#WeAreN2016 Congress Calls on World Leaders to End Christian Persecution

(Photo: Reuters/Thomas Peter)A woman holds a cross during a rally organized by Iraqi Christians in Germany denouncing persecution by the Islamic State terror group against Christians living in Iraq, in Berlin, Aug. 17, 2014.

The ongoing #WeAreN2016 Congress, an international gathering of high level experts and witnesses being held in New York City, is calling on world leaders to stop the persecution of Christians and other minorities in countries such as Syria, Iraq and Nigeria, particularly by Islamic State and other Islamist terror groups.

"Christians account for 80 percent of persecuted minorities. They are victims of the deliberate infliction of conditions of life that are calculated to bring about their physical destruction in whole or in part," say the organizers on the website of the congress, which began Thursday and will go on until Saturday at several locations in New York City.

"They are being murdered, beheaded, crucified, beaten, extorted, abducted, and tortured," they say.

Being organized by CitizensGo and Mas Libres and co-sponsored by In Defense of Christians, the congress will also have witnesses testify at the United Nations headquarters "to address world leaders and call them to take action on this important issue."

Archbishop Bernardito Auza, the permanent observer of the Holy See to the U.N. and Ambassador Ufuk Gokcen, the permanent observer of the Organization of Islamic Cooperation, are among the sponsors.

Christians "have been victims of summary executions," the organizers adds. "They have been enslaved and forcibly converted to Islam. Women and girls in particular have been subjected to forms of sexual violence such as rape, and have been victims of forced marriages and human trafficking. Children have been transferred to other groups and forcibly recruited. Christian churches and religious and cultural sites have been vandalized. Christian towns, villages, and districts have been devastated."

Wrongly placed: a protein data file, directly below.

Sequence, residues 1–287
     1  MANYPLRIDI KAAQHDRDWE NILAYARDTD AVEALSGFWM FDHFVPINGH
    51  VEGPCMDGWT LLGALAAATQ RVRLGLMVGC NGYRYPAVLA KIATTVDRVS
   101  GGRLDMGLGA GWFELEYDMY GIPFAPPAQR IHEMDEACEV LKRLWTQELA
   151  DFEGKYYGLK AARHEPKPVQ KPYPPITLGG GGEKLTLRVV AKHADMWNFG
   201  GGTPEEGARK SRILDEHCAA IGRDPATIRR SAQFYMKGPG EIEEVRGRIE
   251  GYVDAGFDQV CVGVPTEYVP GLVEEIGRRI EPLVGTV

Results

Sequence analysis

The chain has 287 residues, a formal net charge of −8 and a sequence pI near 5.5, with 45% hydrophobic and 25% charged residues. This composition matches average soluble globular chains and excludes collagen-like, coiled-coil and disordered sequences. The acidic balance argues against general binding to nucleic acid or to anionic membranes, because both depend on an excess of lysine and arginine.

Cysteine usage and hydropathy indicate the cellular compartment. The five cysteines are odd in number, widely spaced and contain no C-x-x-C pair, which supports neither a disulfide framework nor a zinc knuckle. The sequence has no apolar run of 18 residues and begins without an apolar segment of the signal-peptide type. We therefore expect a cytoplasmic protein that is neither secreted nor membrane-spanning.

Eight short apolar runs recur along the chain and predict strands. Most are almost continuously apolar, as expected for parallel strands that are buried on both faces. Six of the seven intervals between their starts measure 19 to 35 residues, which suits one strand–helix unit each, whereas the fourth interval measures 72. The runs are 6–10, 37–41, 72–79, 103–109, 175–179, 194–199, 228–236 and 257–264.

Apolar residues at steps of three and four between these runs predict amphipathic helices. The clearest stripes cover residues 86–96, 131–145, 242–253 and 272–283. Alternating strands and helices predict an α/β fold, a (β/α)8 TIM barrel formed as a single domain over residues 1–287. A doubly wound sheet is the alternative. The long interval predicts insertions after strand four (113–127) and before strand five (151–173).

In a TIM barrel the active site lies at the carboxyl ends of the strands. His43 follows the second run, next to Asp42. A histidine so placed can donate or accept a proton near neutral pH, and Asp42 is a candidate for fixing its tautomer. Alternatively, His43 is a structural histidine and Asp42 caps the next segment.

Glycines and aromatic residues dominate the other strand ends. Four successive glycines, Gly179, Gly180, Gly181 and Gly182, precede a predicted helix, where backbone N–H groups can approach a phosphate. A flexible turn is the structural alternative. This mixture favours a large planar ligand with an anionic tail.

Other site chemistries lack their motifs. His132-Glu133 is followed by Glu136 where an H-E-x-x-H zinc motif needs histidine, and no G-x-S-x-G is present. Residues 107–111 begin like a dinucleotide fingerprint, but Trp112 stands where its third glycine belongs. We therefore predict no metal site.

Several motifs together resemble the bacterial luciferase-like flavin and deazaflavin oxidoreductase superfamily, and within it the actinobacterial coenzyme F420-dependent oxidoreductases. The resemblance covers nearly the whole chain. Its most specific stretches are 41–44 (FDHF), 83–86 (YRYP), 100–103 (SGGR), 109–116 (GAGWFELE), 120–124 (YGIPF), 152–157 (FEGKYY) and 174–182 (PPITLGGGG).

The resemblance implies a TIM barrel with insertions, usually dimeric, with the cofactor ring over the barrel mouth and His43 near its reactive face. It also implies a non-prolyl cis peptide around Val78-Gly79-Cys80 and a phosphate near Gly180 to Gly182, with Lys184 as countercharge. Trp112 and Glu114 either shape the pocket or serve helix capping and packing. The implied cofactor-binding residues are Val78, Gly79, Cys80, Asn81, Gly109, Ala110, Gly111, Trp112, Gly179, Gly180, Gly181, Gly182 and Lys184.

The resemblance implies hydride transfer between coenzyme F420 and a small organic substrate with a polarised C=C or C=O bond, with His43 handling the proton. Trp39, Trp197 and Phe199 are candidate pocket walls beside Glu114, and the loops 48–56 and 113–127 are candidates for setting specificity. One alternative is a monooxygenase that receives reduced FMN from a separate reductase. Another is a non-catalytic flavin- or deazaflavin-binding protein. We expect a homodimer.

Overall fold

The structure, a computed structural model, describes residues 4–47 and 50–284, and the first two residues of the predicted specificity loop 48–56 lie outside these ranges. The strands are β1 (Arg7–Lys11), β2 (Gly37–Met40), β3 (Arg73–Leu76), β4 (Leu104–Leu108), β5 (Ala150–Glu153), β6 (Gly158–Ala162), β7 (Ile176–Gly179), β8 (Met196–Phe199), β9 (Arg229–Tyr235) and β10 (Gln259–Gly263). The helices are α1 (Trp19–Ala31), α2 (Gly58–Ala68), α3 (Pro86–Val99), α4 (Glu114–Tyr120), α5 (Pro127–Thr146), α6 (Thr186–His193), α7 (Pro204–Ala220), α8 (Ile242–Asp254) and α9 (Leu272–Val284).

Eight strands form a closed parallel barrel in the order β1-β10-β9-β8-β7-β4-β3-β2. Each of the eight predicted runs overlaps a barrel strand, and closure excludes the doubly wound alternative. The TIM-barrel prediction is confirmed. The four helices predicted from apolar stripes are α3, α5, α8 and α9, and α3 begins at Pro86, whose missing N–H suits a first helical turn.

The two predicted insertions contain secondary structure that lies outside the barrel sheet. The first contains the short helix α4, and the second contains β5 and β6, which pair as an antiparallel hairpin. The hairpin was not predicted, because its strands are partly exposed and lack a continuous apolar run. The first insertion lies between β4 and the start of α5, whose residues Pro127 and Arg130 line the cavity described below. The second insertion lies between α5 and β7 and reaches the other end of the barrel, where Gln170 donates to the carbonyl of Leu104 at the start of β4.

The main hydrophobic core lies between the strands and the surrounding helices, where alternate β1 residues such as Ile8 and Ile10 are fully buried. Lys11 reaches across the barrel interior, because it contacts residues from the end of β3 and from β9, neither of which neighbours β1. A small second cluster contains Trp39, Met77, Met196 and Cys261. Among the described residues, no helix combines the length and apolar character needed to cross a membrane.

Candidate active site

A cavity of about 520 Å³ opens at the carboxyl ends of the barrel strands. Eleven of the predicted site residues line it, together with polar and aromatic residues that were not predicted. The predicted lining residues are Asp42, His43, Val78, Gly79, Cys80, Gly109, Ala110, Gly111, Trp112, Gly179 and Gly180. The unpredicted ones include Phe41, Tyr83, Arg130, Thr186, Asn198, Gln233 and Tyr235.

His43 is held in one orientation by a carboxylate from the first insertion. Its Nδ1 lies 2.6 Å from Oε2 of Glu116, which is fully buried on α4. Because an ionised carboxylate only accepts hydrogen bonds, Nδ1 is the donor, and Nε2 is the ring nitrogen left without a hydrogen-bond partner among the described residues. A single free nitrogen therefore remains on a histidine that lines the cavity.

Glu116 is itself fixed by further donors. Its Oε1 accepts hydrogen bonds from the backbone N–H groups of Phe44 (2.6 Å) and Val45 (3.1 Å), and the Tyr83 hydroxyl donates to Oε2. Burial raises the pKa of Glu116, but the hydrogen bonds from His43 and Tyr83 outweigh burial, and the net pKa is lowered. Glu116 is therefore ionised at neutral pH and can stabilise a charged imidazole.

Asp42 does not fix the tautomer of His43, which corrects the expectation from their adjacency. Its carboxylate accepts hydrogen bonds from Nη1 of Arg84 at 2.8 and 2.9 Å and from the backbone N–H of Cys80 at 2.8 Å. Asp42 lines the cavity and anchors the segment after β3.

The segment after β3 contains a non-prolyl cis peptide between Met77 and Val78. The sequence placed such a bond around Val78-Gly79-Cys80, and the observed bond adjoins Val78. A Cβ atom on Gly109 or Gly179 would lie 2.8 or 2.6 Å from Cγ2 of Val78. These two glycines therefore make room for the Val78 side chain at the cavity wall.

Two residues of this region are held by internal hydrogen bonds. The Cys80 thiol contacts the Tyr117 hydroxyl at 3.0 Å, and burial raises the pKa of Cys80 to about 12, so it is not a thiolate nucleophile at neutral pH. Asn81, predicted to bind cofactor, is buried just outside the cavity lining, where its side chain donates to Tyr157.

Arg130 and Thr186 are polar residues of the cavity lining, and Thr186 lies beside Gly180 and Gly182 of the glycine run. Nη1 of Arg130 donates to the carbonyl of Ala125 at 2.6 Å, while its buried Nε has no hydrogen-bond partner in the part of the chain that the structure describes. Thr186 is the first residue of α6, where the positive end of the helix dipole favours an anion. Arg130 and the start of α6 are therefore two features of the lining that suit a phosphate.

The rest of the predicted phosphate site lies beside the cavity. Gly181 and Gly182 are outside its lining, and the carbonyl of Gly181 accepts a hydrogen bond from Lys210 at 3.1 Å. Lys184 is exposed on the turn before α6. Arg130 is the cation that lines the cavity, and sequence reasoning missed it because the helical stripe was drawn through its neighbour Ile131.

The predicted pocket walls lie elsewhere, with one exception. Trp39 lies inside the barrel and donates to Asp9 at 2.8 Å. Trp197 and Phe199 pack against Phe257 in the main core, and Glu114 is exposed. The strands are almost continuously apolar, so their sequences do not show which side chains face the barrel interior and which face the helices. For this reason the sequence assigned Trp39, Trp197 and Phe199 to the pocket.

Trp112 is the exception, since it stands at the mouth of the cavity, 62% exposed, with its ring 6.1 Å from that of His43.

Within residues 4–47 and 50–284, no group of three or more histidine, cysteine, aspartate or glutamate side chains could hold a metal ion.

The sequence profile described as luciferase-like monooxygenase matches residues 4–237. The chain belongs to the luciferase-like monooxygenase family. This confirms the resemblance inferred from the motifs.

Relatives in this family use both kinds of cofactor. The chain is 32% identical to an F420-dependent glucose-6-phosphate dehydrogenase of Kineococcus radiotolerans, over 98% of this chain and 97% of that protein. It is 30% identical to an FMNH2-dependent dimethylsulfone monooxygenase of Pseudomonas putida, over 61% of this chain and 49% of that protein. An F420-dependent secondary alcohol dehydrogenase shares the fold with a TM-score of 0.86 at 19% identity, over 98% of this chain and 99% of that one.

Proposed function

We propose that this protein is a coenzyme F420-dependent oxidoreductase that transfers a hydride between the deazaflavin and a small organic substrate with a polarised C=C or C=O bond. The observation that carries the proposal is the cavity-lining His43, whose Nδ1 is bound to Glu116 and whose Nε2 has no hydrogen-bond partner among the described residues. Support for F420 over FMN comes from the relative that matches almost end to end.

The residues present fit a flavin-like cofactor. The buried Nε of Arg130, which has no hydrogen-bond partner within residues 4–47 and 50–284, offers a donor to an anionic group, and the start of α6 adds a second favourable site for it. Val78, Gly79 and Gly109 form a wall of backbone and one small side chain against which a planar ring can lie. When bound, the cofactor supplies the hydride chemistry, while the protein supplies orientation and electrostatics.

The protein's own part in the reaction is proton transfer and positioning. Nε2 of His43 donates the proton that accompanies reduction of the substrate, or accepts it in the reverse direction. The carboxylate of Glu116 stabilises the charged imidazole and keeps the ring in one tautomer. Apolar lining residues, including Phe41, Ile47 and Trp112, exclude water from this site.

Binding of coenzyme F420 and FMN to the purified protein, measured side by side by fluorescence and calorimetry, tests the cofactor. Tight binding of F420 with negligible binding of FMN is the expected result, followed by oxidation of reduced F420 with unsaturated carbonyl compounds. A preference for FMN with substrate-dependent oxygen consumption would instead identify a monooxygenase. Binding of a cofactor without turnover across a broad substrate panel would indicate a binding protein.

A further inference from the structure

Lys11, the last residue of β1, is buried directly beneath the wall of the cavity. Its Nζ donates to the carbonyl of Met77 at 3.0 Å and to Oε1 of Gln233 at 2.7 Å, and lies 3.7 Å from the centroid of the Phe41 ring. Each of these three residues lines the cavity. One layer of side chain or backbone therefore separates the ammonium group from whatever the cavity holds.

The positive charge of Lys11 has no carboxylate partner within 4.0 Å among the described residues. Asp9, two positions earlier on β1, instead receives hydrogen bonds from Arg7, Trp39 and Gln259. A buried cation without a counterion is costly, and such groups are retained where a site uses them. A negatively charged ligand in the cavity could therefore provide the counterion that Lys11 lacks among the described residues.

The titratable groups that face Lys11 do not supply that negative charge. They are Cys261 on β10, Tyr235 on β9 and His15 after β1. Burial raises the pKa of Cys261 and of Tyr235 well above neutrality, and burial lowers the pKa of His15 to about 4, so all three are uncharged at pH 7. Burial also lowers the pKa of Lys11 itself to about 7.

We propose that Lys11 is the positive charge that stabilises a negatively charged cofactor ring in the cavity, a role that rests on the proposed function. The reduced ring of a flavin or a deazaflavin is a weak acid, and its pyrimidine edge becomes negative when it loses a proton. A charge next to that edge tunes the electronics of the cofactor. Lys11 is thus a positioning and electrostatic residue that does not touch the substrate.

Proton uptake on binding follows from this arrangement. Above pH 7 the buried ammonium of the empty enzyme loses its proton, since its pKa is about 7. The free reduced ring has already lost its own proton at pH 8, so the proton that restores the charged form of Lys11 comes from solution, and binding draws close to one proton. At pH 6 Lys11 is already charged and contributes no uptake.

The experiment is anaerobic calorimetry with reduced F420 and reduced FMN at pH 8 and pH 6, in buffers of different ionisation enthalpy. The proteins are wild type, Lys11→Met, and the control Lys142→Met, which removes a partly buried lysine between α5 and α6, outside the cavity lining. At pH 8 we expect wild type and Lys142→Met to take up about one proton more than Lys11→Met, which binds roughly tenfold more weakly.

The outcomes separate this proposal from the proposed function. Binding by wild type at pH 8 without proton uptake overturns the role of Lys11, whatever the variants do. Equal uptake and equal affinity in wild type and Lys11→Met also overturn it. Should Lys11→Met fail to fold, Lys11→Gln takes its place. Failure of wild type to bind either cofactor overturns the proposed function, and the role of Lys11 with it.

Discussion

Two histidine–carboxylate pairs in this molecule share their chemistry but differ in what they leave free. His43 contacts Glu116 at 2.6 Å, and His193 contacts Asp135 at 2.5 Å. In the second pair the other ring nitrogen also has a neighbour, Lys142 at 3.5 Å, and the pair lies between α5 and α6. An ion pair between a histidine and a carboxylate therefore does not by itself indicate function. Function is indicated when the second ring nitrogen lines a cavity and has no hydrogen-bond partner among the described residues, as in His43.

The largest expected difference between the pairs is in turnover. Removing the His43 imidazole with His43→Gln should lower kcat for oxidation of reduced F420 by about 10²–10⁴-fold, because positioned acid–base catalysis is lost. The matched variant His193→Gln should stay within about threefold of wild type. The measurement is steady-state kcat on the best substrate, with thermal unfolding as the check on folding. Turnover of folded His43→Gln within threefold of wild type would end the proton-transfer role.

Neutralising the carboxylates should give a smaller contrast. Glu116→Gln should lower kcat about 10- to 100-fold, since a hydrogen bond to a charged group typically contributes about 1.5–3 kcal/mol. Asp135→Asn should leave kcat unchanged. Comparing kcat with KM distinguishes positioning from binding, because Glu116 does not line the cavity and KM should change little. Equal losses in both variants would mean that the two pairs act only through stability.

The congress notes that the European Parliament, the Council of Europe, the U.S. Congress, Pope Francis, and Christian leaders from a broad array of faith traditions have called the actions of IS, also known as ISIS or ISIL or Daesh, against Christians and other religious minorities acts of genocide.

IS is an offshoot of al-Qaeda and wants to establish a caliphate in the Levant region and beyond. It has gained control over large swathes of territories in Syria and Iraq, and is seeking to expand its territory. The Boko Haram terror group in Nigeria has also pledged allegiance to IS.

Last week, Britain's House of Commons defied the British government to vote 278-0 in favour of declaring IS attacks on Christian and Yazidi minorities in Iraq and Syria a genocide, calling on ministers to refer the atrocities to the United Nations.

"Genocide is a word of such gravity, implications and history, that it should never be used too readily," Conservative lawmaker Fiona Bruce was quoted as saying in British media. "It is rightly known as the 'crime above all crimes.' For this reason alone it is incumbent upon all of us to prevent the term from devaluation or over-use. But such caution must not stop us from naming a genocide where one is taking place."

In Iraq, IS had marked homes and other property owned by Christians with a red, painted 14th letter of the Arabic alphabet and the equivalent to the Roman letter "N," which stands for Nasara or Nazarenes, a pejorative Arabic word for Christians. "We are N" became popular on social media as a symbol of solidarity with the Iraqi Christians.